Employers who have watched the National Labor Relations Board — the nation’s primary enforcer of labor law — over the years anticipate that it will reshuffle its priorities soon after the White House changes parties. The agency swore in Jennifer Abruzzo as its new general counsel on July 22, 2021; and three weeks later, Abruzzo released an internal memorandum that is a blueprint for changes to the law she would like to see the agency implement.
On May 21, 2018, the U.S. Supreme Court issued its long-awaited opinion in Epic Systems Corporation v. Lewis, in which it held that arbitration agreements containing class action waivers were enforceable notwithstanding the National Labor Relations Act’s protection for employee “concerted activity.” The five-Justice majority opinion sparked a fiery dissent by Justice Ruth Bader Ginsburg, who focused on the opinion’s potential impact on wage and hour litigation, among other employee activities. In response, this week, Washington State’s Democratic Governor Jay Inslee issued a sweeping Executive Order seeking to discourage employers from implementing (or continuing to rely on) arbitration agreements with class action waivers. Although Governor Inslee’s action is the exception so far, it may signal a broader backlash to arbitration agreements with class action waivers in the employment context.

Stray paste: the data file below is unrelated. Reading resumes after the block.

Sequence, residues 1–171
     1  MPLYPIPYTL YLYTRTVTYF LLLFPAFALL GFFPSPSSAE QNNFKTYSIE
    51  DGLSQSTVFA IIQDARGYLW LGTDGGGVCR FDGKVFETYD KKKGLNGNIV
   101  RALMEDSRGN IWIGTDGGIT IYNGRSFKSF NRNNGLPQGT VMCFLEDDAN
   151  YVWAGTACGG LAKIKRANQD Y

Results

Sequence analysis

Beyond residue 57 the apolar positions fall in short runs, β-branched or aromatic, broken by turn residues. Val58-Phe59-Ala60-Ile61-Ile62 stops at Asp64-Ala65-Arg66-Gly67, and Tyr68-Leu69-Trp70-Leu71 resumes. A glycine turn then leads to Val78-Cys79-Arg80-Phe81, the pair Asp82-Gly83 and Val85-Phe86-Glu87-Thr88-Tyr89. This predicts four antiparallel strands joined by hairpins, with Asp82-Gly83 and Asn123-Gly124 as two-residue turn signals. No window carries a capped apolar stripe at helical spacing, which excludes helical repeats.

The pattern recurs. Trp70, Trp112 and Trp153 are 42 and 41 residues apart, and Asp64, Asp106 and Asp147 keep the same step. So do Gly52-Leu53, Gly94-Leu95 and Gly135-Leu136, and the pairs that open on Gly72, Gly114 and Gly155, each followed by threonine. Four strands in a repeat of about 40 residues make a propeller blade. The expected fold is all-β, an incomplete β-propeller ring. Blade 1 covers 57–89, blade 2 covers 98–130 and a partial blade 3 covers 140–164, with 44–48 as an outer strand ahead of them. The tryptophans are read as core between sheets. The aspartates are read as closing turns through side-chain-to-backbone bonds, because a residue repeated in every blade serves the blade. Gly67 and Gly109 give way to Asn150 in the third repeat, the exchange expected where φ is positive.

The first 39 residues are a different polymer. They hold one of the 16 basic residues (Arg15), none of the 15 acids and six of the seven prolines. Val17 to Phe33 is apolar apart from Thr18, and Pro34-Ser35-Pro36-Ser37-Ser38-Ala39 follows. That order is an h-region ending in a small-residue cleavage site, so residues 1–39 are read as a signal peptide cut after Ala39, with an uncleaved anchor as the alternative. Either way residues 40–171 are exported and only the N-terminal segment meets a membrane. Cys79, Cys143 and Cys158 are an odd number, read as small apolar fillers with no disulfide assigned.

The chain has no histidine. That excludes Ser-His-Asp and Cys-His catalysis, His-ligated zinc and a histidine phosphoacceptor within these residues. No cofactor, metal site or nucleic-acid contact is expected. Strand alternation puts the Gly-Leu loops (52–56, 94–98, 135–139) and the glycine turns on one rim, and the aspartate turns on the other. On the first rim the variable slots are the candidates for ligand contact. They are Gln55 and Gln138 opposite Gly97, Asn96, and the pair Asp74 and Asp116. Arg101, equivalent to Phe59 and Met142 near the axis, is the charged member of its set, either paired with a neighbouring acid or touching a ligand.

In a long-awaited decision, the United States Supreme Court, by a 5-to-4 vote, overturned the National Labor Relations Board’s (the “Board”) ruling that class action waivers violate the National Labor Relations Act (NLRA) because they interfere with the right to engage in “protected activity,” which, according to the Board, includes the ability to bring class or collective actions. Epic Sys. Corp. v. Lewis, No. 16-0285, 2018 WL 2292444, at *23 (U.S. May 21, 2018).
The United States Supreme Court finally agreed earlier this year to resolve whether the National Labor Relations Act (NLRA) prohibits class action waivers in employee arbitration agreements. This ruling will have an immediate and far ranging impact on employers. The Trump presidency will likely play a crucial role in the outcome of what will be the first of many challenges to the expansive federal agency policies under the former Obama administration.
Employers have increasingly required employees to sign agreements to have their employment disputes resolved through private arbitration rather than through a lawsuit in state or federal court. The most critical aspect of these agreements has been the provisions by which the employee agrees to resolve his or her dispute on an individual basis rather than by means of a class action. When enforced, class action waivers are a potent weapon to stem the tide of wage and hour and employment discrimination class actions, which otherwise can result in claims involving thousands of workers and multimillion dollar settlements.